One More Reason to Quit the Bottle: Alcohol Increases Risk of Oral Disease

Cancer, heart disease, dementia—the list of diseases and poor health conditions caused by alcohol consumption continues. A recent study shows that alcohol changes the makeup of the mouth’s microbiome that could have effects on the whole body, making it susceptible to disease. Researchers from the New York University School of Medicine in New York City have found that alcohol creates an unstable microbiome in the mouth. Alcohol promotes bad, harmful bacterias and stunts the development of good bacteria. An imbalance in the microbiome causes oral decay and is related to oral diseases like cavities and periodontitis, better known as gum disease.  

Quit Alcohol to Improve Oral Health | Summerlin Dentist

Alcohol Puts the Whole Body at Risk

Gum disease and dental caries can potentially lead to diseases of the body like heart disease and gastrointestinal cancers. That’s why researchers have suggested that cutting down on the number of alcoholic drinks we consume could help to reverse or even prevent the damage caused by unhealthy oral microbiota. You might be thinking, “Well, I only drink wine, which is healthy right?” Or, “What if I only drink beer, not liquor?” These are excellent questions and the research so far doesn’t cover which types of alcohol are the most detrimental to oral microbiota.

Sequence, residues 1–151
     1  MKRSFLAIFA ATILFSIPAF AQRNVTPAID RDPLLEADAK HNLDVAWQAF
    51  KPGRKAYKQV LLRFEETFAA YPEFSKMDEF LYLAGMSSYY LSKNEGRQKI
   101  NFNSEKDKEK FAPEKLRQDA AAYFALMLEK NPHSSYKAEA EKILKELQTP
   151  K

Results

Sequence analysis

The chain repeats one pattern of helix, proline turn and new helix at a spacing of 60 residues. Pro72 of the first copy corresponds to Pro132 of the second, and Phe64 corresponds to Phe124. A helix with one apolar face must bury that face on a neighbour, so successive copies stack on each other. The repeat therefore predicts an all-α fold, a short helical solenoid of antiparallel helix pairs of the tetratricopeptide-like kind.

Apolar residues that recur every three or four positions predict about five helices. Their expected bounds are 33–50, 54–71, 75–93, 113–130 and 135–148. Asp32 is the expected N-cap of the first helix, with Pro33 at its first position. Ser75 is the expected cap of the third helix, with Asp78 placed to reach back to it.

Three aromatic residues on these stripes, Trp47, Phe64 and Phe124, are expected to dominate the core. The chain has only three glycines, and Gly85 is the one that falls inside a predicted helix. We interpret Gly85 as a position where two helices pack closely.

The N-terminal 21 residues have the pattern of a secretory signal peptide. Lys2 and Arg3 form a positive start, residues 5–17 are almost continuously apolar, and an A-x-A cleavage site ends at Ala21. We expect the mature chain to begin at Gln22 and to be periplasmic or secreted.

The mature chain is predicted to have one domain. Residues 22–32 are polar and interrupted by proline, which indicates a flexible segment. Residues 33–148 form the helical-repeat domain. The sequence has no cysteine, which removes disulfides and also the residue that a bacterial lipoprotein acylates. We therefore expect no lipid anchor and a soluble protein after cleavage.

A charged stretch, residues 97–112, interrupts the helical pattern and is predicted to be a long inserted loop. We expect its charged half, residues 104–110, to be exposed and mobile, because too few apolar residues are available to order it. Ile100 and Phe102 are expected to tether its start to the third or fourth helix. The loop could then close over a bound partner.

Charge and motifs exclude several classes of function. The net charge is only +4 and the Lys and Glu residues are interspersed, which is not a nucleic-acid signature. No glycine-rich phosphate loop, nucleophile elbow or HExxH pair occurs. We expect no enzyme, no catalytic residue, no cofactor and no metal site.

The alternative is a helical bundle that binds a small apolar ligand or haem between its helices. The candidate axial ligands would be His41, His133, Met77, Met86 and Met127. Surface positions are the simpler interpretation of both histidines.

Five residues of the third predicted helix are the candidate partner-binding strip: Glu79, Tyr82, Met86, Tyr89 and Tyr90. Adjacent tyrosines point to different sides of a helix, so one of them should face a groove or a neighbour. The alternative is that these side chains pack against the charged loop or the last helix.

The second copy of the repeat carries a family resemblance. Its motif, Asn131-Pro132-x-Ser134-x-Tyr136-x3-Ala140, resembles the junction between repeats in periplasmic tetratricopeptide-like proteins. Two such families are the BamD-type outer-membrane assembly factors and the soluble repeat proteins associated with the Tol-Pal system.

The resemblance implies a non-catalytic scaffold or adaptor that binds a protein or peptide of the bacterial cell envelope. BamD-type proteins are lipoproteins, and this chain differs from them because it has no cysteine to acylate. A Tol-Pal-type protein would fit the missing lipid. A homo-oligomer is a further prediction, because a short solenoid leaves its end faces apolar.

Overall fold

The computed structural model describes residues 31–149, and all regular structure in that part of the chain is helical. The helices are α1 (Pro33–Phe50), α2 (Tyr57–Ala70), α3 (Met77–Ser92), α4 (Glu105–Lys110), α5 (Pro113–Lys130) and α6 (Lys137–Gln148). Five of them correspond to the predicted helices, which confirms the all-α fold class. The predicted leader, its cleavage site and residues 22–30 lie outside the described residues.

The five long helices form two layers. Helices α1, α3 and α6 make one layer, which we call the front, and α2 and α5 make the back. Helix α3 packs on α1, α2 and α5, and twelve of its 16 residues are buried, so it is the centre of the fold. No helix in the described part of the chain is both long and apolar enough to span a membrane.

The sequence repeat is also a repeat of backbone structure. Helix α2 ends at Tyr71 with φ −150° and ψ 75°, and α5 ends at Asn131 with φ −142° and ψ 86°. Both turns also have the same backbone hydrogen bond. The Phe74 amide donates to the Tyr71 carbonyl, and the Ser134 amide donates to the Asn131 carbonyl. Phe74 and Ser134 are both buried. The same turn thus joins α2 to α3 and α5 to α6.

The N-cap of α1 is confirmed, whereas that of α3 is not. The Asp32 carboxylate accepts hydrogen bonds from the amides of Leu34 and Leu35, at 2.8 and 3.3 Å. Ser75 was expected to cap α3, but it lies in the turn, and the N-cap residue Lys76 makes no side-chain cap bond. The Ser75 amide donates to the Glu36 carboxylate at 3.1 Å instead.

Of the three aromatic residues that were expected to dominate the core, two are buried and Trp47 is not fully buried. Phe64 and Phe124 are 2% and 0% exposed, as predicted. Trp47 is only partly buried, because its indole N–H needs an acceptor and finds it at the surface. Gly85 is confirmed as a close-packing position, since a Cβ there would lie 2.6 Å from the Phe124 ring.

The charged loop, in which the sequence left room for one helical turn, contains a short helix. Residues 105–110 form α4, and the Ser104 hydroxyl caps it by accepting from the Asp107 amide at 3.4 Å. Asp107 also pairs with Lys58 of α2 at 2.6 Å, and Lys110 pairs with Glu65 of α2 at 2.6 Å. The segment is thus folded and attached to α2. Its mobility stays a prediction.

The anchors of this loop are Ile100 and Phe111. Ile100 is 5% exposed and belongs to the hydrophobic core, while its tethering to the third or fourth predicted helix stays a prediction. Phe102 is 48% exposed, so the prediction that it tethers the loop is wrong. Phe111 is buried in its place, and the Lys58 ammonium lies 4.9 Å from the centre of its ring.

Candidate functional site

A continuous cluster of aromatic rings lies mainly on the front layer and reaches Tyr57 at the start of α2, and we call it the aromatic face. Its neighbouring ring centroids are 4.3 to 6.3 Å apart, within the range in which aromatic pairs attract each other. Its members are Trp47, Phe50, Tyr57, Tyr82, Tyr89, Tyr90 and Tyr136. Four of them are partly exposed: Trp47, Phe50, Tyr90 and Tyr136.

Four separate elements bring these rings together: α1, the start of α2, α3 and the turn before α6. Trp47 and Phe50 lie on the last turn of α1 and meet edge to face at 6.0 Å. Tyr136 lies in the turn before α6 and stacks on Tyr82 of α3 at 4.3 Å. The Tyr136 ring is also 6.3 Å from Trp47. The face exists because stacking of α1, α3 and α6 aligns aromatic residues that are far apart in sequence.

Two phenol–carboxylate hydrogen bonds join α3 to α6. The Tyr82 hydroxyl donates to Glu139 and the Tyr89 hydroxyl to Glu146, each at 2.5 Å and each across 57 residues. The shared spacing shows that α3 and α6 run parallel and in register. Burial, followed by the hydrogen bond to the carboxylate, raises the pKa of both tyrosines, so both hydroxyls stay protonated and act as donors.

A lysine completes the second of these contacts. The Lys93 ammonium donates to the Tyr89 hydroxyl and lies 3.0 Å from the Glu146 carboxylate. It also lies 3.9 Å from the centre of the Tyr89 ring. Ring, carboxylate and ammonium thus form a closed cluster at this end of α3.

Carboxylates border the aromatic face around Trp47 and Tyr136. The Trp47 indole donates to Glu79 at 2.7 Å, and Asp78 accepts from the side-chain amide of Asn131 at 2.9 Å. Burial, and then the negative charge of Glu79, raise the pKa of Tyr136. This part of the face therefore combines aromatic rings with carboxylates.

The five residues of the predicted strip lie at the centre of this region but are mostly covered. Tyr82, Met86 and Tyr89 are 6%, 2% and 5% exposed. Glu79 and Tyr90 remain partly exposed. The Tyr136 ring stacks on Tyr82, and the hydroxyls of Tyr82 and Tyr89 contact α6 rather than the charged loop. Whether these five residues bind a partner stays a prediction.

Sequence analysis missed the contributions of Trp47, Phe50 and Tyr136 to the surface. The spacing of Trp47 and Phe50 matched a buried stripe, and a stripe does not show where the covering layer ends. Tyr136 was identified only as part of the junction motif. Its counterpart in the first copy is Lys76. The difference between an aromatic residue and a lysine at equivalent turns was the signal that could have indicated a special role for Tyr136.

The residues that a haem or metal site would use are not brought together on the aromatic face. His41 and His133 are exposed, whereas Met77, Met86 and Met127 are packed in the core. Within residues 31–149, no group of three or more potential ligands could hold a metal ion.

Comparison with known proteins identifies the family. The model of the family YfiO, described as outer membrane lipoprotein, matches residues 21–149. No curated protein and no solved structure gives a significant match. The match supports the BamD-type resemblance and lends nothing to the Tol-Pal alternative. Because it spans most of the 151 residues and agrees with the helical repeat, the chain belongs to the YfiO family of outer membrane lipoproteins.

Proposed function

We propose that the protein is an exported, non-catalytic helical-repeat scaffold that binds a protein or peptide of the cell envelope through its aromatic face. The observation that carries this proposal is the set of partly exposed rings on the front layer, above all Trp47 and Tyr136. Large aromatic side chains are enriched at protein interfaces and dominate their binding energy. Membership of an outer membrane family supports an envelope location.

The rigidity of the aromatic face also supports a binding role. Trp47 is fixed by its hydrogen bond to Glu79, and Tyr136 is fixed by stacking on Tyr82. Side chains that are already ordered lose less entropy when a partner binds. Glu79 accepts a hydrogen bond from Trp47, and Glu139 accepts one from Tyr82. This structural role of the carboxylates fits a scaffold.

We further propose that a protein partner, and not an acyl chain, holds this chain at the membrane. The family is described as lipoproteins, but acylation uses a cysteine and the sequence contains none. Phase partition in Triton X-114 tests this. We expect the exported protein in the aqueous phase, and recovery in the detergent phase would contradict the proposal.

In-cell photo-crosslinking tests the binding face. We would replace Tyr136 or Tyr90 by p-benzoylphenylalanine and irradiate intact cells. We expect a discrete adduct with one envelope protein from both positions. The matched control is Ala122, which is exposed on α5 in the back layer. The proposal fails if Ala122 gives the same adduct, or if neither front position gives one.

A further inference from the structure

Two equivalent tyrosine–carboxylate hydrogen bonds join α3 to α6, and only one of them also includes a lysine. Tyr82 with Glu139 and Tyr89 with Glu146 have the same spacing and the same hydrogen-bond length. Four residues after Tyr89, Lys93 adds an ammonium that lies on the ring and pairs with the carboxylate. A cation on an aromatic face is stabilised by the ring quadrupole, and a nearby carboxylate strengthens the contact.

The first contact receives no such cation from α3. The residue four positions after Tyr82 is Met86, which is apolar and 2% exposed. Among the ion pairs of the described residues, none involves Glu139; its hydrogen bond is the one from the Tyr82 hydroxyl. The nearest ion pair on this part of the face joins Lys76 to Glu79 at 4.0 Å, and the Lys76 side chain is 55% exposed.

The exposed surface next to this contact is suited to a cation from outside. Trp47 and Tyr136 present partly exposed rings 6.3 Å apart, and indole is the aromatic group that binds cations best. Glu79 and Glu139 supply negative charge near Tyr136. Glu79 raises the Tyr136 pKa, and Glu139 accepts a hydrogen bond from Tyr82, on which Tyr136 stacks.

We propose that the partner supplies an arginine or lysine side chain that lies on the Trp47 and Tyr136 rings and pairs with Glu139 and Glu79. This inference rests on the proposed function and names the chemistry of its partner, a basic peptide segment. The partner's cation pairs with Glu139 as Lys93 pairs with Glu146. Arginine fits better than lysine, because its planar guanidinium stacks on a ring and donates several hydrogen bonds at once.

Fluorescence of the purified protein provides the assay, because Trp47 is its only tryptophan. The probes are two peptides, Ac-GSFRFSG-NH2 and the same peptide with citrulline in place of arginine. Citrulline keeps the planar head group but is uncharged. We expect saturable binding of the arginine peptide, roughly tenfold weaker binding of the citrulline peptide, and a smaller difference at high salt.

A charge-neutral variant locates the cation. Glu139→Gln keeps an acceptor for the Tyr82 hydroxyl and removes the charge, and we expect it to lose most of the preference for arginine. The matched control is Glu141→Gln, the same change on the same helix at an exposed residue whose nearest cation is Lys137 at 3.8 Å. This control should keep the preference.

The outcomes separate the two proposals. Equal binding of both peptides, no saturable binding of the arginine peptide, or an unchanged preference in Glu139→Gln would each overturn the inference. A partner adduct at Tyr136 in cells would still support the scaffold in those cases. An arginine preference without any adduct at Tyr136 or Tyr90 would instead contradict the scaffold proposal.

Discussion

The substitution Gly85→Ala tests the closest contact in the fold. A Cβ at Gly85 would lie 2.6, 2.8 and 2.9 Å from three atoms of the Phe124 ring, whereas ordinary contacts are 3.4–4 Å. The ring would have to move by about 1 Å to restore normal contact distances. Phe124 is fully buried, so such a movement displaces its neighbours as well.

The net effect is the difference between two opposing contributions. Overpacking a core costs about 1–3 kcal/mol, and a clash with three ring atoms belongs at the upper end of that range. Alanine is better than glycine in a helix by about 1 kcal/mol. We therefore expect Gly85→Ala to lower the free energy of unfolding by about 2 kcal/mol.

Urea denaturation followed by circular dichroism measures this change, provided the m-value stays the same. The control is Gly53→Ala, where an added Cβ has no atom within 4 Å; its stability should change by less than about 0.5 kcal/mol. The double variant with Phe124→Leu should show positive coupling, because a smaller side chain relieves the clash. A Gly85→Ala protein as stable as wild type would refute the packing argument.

Alcohol’s Relation to Dental Decay

Drinkers are more likely to have consistent growth of harmful bacteria in their mouths. At the same time, the body is unable to produce healthy bacteria which help prevent certain diseases like periodontitis and caries from taking hold. Bad bacteria collects, grows and produces tartar on teeth. Tartar is difficult to remove which is why it’s generally unaffected by daily oral health habits like brushing and flossing.

Reconstructive Dentistry for Alcohol-Related Dental Decay

Once dental decay takes hold and advances, reconstructive dentistry is often the best solution for restoring the strength and healthy appearance of your teeth or gums. For minor decay, teeth-colored composite fillings made of strong ceramic material can be used to improve the durability of your teeth and stop caries-causing damage. These can be easily shaped in your tooth and polished to look attractive. For more advanced decay, porcelain inlays or onlays can be easily shaped to your individual tooth and polished to restore its natural luster. Porcelain inlays and onlays also help to restore the strength to teeth that have been weakened by oral diseases.

While it’s unclear what kinds of alcoholic beverages are worse than others, it’s safe to say that a decrease in alcohol consumption is a smart oral health decision. If however, you feel that your drinking has already made an impact on the health of your teeth or gums, you’ll want to make an appointment with a reconstructive dentist. Call (702) 873-0324 or email our office, conveniently located in central Summerlin, in the Las Vegas area.